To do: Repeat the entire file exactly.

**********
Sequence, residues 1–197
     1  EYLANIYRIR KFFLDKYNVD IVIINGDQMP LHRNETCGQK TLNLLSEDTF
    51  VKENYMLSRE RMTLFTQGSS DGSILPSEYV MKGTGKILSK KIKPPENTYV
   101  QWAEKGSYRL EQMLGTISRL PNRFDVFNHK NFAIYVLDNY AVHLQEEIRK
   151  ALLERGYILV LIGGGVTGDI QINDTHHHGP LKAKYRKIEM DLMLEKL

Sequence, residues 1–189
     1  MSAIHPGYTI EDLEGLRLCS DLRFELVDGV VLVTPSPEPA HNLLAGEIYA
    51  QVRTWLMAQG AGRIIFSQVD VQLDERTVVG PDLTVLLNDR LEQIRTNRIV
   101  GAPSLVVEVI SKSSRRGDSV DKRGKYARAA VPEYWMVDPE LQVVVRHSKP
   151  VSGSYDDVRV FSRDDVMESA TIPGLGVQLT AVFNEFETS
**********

Sequence, residues 1–197
     1  EYLANIYRIR KFFLDKYNVD IVIINGDQMP LHRNETCGQK TLNLLSEDTF
    51  VKENYMLSRE RMTLFTQGSS DGSILPSEYV MKGTGKILSK KIKPPENTYV
   101  QWAEKGSYRL EQMLGTISRL PNRFDVFNHK NFAIYVLDNY AVHLQEEIRK
   151  ALLERGYILV LIGGGVTGDI QINDTHHHGP LKAKYRKIEM DLMLEKL

Sequence, residues 1–189
     1  MSAIHPGYTI EDLEGLRLCS DLRFELVDGV VLVTPSPEPA HNLLAGEIYA
    51  QVRTWLMAQG AGRIIFSQVD VQLDERTVVG PDLTVLLNDR LEQIRTNRIV
   101  GAPSLVVEVI SKSSRRGDSV DKRGKYARAA VPEYWMVDPE LQVVVRHSKP
   151  VSGSYDDVRV FSRDDVMESA TIPGLGVQLT AVFNEFETS